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RE: [ogfs-dev]Map OpenDLM to G-lock: lock name

> -----Original Message-----
> From: Stanley Wang [mailto:stanley.wang@linux.co.intel.com]
> Sent: Thursday, August 14, 2003 8:37 PM
> To: opengfs-devel@lists.sourceforge.net
> Subject: RE: [ogfs-dev]Map OpenDLM to G-lock: lock name
> On Fri, 2003-08-15 at 01:36, Cahill, Ben M wrote:
> [snip]
> > Hmmm, maybe the value within the OpenDLM lockname should be a 4-char
> >  (8?) hash of the locktable string??  This way, the user/admin could
> >  enter a real cidev /dev/cidevxxx string for memexp, and be 
> able to use
> >  the same string for opendlm??  Stanley was thinking about using the
> >  last 4 characters, but a hash would be more robust, with fewer ways
> >  for the user/admin to fall into a trap (e.g. /dev/0cidev vs
> >  /dev/1cidev).
> My thought in this point: If we use the last four character 
> as identity, we 
> could tell the user explicitly. If we use a hash value, we 
> couln't tell when 
> the collision would occur. Any suggestion?

Yes, it would be a little tougher to *predict* a collision, but ...

Within the lock module, we need to check the uniqueness of the string (*after* hashing, or *after* masking all but last-4-chars), and refuse to mount if the string (as processed) is not unique (against other filesystems mounted on *this* machine, which is the total scope of our ability to determine uniqueness).  I think the hash makes it less likely that there would be a collision (even if the user continues to use the same string that he's used for memexp, which had no 4-last-char restriction), and gives the user/admin more flexibility in contents of the field.  8-char or longer hash would make a collision even less likely.  Is there any advantage to using fewer than the total 31 available chars in the lockname?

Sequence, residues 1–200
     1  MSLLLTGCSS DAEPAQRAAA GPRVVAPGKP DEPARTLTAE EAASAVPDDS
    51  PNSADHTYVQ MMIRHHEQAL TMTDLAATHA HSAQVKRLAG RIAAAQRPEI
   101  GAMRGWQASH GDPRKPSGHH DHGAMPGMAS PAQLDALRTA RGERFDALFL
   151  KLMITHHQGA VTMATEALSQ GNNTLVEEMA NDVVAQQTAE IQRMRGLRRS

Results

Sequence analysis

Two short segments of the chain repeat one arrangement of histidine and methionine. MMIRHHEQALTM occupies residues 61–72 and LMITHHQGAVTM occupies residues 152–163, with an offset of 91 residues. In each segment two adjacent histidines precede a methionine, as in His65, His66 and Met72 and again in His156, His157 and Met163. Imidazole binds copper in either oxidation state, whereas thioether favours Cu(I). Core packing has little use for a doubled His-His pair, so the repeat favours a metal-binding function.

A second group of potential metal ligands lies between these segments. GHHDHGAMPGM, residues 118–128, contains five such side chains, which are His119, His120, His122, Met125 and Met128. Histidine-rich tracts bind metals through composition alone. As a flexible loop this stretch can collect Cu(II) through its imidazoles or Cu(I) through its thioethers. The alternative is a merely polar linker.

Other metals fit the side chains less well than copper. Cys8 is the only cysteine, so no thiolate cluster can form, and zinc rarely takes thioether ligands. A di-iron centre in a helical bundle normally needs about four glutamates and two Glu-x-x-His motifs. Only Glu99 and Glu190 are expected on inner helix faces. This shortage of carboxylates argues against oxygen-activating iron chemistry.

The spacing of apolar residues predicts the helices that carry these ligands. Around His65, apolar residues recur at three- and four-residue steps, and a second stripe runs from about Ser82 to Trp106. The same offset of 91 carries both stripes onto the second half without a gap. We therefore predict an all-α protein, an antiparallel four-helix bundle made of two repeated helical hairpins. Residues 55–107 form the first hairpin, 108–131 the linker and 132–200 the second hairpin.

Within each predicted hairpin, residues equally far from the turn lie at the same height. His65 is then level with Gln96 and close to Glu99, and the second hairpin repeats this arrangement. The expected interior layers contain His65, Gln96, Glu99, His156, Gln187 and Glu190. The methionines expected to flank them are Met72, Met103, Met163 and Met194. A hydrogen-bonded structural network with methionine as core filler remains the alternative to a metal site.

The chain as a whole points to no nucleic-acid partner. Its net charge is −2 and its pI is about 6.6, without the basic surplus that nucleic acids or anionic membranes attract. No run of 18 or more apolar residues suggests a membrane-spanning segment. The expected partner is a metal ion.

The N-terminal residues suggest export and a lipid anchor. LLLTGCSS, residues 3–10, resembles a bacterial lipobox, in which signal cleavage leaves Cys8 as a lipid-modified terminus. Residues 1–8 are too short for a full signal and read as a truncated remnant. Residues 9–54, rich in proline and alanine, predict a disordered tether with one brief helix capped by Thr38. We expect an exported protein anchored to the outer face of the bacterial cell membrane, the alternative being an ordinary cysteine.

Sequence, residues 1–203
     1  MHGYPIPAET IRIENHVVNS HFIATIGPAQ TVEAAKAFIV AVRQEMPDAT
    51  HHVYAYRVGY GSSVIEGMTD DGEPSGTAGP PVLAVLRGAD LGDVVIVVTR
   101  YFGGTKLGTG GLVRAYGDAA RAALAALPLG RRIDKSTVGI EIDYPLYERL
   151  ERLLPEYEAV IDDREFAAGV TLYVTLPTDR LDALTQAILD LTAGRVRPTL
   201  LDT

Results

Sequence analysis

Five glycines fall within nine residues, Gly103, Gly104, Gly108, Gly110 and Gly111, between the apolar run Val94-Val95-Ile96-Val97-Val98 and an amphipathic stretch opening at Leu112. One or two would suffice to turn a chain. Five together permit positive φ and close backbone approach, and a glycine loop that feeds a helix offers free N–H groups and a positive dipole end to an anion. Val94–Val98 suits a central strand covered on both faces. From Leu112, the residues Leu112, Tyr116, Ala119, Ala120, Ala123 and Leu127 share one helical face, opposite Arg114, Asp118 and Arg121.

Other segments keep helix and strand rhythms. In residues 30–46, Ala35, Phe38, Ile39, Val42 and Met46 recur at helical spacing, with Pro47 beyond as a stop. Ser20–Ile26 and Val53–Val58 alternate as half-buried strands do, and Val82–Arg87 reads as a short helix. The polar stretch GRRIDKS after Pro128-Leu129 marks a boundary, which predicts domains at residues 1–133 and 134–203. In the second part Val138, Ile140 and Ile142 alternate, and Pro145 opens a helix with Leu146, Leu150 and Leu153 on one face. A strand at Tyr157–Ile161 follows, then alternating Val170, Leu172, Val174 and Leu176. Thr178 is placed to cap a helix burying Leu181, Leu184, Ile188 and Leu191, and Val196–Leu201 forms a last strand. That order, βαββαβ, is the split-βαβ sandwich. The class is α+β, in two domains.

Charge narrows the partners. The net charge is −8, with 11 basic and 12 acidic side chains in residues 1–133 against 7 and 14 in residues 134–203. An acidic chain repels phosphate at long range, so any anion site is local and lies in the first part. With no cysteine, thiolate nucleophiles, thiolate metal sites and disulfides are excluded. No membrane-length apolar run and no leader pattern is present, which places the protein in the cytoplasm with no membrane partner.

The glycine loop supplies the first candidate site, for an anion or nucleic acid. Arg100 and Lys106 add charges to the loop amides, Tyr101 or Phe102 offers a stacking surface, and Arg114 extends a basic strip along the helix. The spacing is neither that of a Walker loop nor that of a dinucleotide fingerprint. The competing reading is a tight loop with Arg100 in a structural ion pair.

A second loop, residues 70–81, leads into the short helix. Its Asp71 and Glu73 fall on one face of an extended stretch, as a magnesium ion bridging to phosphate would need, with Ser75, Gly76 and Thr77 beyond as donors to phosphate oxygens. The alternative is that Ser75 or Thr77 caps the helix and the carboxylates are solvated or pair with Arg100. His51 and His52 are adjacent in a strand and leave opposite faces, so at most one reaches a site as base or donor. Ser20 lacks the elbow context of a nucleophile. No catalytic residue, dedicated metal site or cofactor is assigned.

Either way, we'll need to update documentation (HOWTO(?), man pages), to describe what's going on, and issue a meaningful error message when a collision occurs, perhaps including *both* of the original, unprocessed strings, as well as the colliding hash/last-4-char results.

-- Ben --

Opinions are mine, not Intel's

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